Radicals Beat Pastor in Indonesia, but What Police Did Was Worse

An Underground Pastor Endured Hours of Beatings from Radical Muslims and Police for Teaching the Bible

By Daniel Harris

3/22/2017 Washington D.C. (International Christian Concern) – International Christian Concern (ICC) has learned that an underground pastor who ICC met with recently was attacked by radical Muslims, beaten, detained by local police, and released only upon the payment of a bribe to the police.

Nur (name changed for security) has a small frame and a gentle spirit. He plays guitar for the house church where he pastors more than 70 people. He works odd jobs to provide for his family. He became a Christian because of his father, a Quranic teacher in the mosque, who turned to Christ after reading the Bible. His father is also an underground pastor. ICC’s Regional Manager met with the pastor and other underground pastors in Indonesia just days before the attack in February of this year. Each of the pastors shared with ICC stories of escaping death and surviving persecution for their faith in Jesus. But no one could have known of the danger Nur was about to face only days later.

Six days after this meeting, Nur was visiting some friends at their house in a nearby community and teaching about the Bible. Another man from the community came to the house explaining that he wanted to hear about the Bible too. They were wary, but they thought they could trust him since he was a neighbor. While Nur was teaching, three more men entered the house. One was wearing the garb of a radical Muslim organization. They took Nur outside the house and began punching him in the head. They confiscated his wallet and his cell phone and questioned him, asking him why he was teaching “heresy” and attempting to Christianize a family. The men forced Nur to go with them to a local mosque. There they stripped him, continued beating him, and locked him in a small room. One of the men made a phone call and 15 more men came. They each took turns beating him and questioning him. Nur estimates that he endured more than 30 beatings that night.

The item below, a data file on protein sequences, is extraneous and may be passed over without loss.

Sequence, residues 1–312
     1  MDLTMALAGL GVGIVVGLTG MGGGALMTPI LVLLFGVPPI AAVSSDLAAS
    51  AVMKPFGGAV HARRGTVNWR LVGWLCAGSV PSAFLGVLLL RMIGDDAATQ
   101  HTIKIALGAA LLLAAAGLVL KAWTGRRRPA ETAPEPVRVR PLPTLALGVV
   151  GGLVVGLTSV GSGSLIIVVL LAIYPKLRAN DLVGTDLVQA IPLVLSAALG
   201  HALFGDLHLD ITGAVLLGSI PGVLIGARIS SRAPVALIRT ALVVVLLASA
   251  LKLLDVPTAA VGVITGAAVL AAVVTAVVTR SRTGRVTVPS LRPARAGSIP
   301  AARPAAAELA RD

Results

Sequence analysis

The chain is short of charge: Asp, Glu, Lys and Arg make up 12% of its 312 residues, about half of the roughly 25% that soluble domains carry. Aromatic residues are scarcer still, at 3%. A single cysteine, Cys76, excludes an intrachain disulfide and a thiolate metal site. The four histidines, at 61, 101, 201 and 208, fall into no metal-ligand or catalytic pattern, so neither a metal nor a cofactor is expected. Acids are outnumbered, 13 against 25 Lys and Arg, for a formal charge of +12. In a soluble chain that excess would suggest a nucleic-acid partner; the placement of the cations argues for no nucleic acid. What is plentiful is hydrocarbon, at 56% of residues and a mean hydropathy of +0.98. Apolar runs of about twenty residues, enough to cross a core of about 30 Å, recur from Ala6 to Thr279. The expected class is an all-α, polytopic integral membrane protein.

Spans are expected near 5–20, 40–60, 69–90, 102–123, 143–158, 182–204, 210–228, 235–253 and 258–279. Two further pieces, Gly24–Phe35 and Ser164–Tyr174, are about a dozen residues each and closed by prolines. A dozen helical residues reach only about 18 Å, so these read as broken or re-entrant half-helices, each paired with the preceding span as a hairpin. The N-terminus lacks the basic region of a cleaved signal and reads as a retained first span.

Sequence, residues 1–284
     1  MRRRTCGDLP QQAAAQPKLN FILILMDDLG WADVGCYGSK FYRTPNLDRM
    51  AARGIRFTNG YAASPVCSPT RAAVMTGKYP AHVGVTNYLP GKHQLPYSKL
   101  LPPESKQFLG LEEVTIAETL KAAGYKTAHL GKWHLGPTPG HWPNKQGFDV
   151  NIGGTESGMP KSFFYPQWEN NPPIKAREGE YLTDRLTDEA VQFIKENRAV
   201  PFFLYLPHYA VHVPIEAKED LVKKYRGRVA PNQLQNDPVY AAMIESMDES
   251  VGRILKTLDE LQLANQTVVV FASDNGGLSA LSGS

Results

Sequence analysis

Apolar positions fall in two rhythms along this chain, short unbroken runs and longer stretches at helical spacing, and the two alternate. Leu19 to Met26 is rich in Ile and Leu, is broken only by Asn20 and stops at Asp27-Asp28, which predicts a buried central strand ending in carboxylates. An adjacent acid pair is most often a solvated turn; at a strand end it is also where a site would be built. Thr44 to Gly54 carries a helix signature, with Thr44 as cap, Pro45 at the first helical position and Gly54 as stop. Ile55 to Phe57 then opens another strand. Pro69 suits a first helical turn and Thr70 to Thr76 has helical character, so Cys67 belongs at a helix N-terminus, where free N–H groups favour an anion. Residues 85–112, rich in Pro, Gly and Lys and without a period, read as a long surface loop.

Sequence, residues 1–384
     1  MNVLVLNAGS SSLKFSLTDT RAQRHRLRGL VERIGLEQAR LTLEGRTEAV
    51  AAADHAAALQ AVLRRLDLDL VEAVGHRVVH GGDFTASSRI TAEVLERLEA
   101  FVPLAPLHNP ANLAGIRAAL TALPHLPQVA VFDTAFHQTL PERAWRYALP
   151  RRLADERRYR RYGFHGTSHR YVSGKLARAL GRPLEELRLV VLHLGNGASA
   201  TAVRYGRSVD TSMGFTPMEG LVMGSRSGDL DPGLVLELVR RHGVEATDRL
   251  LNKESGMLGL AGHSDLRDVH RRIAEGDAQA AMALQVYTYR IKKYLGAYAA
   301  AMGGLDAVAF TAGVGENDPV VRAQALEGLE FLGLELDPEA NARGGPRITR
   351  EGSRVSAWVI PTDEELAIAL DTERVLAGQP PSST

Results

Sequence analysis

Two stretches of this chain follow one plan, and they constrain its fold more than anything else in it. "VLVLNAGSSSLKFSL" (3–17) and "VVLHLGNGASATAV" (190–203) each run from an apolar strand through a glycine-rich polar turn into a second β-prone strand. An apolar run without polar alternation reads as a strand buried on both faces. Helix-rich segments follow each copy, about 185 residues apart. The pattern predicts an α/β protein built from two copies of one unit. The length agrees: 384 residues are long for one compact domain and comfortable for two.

He shared with ICC, “They stripped my clothes…They forced me to do so even though they knew I was sick. They kept punching and kicking me. I counted more than 30 times they kicked and punched me that night. I thought they would kill me that night because they even did not give me any water for me to drink and take my medicine. I thought, ‘This is it. This could be the end of my life.’ I only pray[ed] that the Lord will release me from this situation even though it seems impossible.”  

When day broke, they asked him who his spiritual leader was. Nur refused to tell them so they called the police. Three Indonesian police officers arrived in a police vehicle. Only one was in uniform. They dragged him to their vehicle and threw him inside. They forced him to lie down and while one police officer kept Nur’s head pinned to the floor with his foot, they kicked and punched him as they drove to the police station. When he got to the station, he was questioned more.

They accused him of trying to create “chaos” in the community and demanded a bribe of 10 million Indonesian Rupiah (about $750) for his release. They told him that if he could not pay, he would be charged with criminal offenses. Nur pleaded with them and explained that there was no way he could ever pay this much. He told them he was an unskilled worker who had no more than one dollar in cash on him. The next day, he was allowed to call his family and explain his situation, but they didn’t have the money either. His sister went from door to door in their community asking to borrow money to get her brother out of jail. All she could gather was 1.5 million Rupiah (about $113). She brought it to the police station and begged them to accept. They told her that they could never accept such a small amount, but she refused to give up. Eventually they gave in, realizing it was all they could get out of them, and let Nur go.

The attack occurred more than a month ago, but Nur is still recovering. He told ICC that he now has hearing problems and back pain. Even though Nur admits to being afraid in that moment, he will not stop pastoring his house church and will not stop sharing the message of the Gospel with people. “I am not afraid to evangelize again and I will not stop,” he told ICC.

In Indonesia, freedom of religion for Christians is protected by national policy and evangelism is legal. However, in reality, a lack of understanding of national policy at the local level, or lack of political will to protect religious freedom means many religious minorities live in fear of persecution in Indonesia. Because of this, many churches operate underground.

ICC supports underground pastors in Indonesia like Nur. ICC is also working to create awareness of religious freedom violations like this, which are all too common in Indonesia. Please join us in praying for the underground pastors in Indonesia and consider supporting the work they are doing. To learn more about the underground church in Indonesia or how you can give directly to ICC’s Underground Pastors Fund, visit www.persecution.org

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